Wednesday, April 01, 2009

Chomsky Making Sense

Of course, we have to back to his work on linguistics. In this short BBC interview, he articulates his their of the inherent ability of humans to acquire language. We are preprogrammed in a way that makes learning speech easy, in that almost everyone does it without much training. A small amount of rather degenerate experience allows us to make a leap into a rich cognitive system using an innate structure that is today still quite mysterious. In comparison, people need years of training to learn mathematics, or writing. It's really a fascinating insight into the human mind.



The old theory of behaviorism posited that people learn by overtraining, induction, and deduction. The state we would achieve merely by this method would be a reflection of our environment, which means it would be extraordinarily impoverished and show much more variability than what we observe.

The most imaginative people are the most credulous, as to them everything is possible. Though unlike most leftists of the 1960s, he believed in some innate nature of man, in other aspects he was a typical socialist, whose theory of economics is merely a critique of capitalism as opposed to anything positive or realistic. In his view of human nature people are eager to work for collectives that capture all the great gifts of mankind, but big government or corporations are always frustrating these efforts. Chomsky thinks anyone with power is evil, which conflates many shades of gray. That is, ignorant foragers in the jungle are noble savages, even though they have little enlightenment and high homocide rates, merely because they are not efficient enough to affect others. Further, because the US is powerful, it necessarily is more repressive than any other government. Tell that to all the immigrants who want to move here.

When asked to point to a 20th century government he likes he is silent, because he has been burned before celebrating the relative virtue of the Khmer Rouge or China. His painting the US and USSR as moral equals in the cold war is ridiculous, because beginning with the mass state-sanctioned rape of German women by the Red Army at the end of WW2, through the next 45 years, the Soviet Union was much much worse in terms of generating liberty and prosperity of those they ruled.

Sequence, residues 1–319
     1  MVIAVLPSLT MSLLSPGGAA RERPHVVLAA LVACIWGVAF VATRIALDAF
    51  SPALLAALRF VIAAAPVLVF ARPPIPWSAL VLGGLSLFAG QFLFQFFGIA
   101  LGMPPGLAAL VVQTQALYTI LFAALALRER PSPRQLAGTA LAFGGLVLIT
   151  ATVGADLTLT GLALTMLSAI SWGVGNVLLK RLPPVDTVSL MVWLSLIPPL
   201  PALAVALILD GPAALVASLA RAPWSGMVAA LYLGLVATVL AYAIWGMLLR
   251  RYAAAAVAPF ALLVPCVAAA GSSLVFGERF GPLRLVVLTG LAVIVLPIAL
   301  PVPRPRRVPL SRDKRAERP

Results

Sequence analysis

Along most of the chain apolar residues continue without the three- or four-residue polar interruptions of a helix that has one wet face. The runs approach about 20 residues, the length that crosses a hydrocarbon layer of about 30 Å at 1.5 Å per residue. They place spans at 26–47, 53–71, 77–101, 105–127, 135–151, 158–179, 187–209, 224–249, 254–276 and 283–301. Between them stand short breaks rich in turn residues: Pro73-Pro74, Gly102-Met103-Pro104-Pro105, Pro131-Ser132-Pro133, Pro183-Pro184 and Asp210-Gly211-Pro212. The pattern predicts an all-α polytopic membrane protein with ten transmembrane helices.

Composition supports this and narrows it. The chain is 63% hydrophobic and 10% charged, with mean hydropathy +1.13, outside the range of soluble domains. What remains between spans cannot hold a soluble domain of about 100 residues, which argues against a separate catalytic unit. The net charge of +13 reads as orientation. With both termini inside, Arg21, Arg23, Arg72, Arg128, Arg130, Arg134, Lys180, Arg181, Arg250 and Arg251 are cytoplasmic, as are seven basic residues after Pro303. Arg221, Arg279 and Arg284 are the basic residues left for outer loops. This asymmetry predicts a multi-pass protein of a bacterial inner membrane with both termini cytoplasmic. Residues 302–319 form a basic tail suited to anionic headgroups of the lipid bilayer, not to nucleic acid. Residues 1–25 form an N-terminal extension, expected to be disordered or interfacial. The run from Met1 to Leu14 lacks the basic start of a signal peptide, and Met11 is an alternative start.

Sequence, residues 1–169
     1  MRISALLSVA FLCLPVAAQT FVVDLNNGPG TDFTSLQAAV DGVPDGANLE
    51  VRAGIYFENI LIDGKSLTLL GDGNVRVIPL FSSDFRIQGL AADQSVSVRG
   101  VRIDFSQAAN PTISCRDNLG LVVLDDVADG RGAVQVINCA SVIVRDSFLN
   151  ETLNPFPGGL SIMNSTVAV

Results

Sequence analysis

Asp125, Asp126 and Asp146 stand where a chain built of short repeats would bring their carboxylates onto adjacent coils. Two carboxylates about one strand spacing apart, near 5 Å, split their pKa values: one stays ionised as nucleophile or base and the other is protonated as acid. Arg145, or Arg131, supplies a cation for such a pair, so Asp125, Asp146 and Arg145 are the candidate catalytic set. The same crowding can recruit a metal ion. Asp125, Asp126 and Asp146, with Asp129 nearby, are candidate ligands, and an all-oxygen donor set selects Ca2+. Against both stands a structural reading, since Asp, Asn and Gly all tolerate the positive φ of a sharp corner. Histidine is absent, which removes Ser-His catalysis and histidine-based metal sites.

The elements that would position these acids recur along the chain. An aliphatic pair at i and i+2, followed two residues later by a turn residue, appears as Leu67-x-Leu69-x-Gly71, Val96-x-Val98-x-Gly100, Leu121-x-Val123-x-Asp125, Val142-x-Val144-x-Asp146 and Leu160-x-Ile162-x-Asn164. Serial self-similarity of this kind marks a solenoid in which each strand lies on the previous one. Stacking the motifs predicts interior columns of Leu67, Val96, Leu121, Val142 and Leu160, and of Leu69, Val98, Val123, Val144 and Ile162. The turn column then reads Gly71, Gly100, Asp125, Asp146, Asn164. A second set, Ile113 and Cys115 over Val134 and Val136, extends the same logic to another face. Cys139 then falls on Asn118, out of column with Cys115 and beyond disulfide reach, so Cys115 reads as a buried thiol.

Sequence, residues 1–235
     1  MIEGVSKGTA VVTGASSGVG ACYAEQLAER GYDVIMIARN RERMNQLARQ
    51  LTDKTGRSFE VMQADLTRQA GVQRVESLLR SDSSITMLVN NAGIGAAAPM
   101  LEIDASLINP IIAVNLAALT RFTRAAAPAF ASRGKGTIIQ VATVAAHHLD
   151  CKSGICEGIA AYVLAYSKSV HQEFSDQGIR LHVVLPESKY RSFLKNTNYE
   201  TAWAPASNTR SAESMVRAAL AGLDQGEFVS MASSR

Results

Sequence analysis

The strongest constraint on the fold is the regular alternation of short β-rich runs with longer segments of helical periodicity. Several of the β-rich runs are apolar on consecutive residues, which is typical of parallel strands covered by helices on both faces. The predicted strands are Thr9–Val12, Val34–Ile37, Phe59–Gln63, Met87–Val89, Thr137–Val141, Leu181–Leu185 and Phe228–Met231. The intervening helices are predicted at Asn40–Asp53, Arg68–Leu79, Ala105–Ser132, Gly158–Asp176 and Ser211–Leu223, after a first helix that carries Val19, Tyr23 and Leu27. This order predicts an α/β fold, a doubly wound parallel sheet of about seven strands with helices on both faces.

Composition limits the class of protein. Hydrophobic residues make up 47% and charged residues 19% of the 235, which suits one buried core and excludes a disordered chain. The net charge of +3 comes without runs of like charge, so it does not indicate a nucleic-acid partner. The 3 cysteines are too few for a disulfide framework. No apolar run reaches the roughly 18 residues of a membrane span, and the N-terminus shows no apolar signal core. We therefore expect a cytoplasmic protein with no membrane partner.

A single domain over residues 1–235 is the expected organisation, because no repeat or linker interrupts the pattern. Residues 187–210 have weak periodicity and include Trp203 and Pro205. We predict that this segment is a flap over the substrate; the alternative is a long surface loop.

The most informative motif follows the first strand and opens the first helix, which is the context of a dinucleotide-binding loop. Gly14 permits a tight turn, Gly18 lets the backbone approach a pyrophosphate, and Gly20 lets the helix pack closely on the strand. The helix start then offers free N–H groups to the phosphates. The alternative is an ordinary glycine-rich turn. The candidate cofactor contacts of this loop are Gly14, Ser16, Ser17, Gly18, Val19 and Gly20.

But, no man is a unity--Hitler was nice to dogs and children, after all. Chomsky has has had some really good ideas.

4 comments:

Jim Glass said...

Chomsky once reportedly said something not about linguistics that I so agreed with ... I was quite surprised! So much so that I suspected somebody made it up and attributed it to him for effect -- though there are several places that attribute it to him (such as).

It was his take on post-modernism...

~~ quote ~~

... There are lots of things I don't understand -- say, the latest debates over whether neutrinos have mass or the way that Fermat's last theorem was (apparently) proven recently.

But from 50 years in this game, I have learned two things: (1) I can ask friends who work in these areas to explain it to me at a level that I can understand, and they can do so, without particular difficulty; (2) if I'm interested, I can proceed to learn more so that I will come to understand it.

Now Derrida, Lacan, Lyotard, Kristeva, etc. --- even Foucault, whom I knew and liked, and who was somewhat different from the rest --- write things that I also don't understand, but (1) and (2) don't hold: no one who says they do understand can explain it to me and I haven't a clue as to how to proceed to overcome my failures.

That leaves one of two possibilities: (a) some new advance in intellectual life has been made, perhaps some sudden genetic mutation, which has created a form of "theory" that is beyond quantum theory, topology, etc., in depth and profundity; or (b) ... I won't spell it out....
~~~

There it is: proof that something is too much for everybody.

tom s. said...

I think you are unfair to Chomsky's political views. For example, he does acknowledge the scope and importance of free speech within the USA, but denies that this implies a pursuit of freedom internationally. (I have no quote to hand though).

Also, he would not point to the character of those in power as necessarily evil, but that it is more "adaptation of personnel to the constraints of ownership, organization, market and political power" that is the root of the problem. (Manufacturing Consent preface, p xii).

Finally, on the Khmer Rouge, what I have read of his commentary was always focused on the media's relative interest and credulence for the atrocities there compared to (say) East Timor, rather than any support of the regime.

dan said...

The statements are way off and it appears you haven't actually read anything by Chomsky. Where does he, for instance, say that US is domestically more repressive than most regimes in the world? I think you are conflating his criticism of US foreign policy with domestic issues. And celebrating the virtues of china and khmer rouge is nonsense.

Rhys said...

Based on how you characterize Chomsky's views, I have to disagree with the details of most of what he has to say, but I think he is onto something in one respect. By being skeptical of anything that is too big and powerful, he is instead insisting on a "The Power of Small"- http://tinyurl.com/c8enow -type model. Decentralization and smallness are less prone to corruption and abuses, for instance. Or maybe I'm giving him too much credit.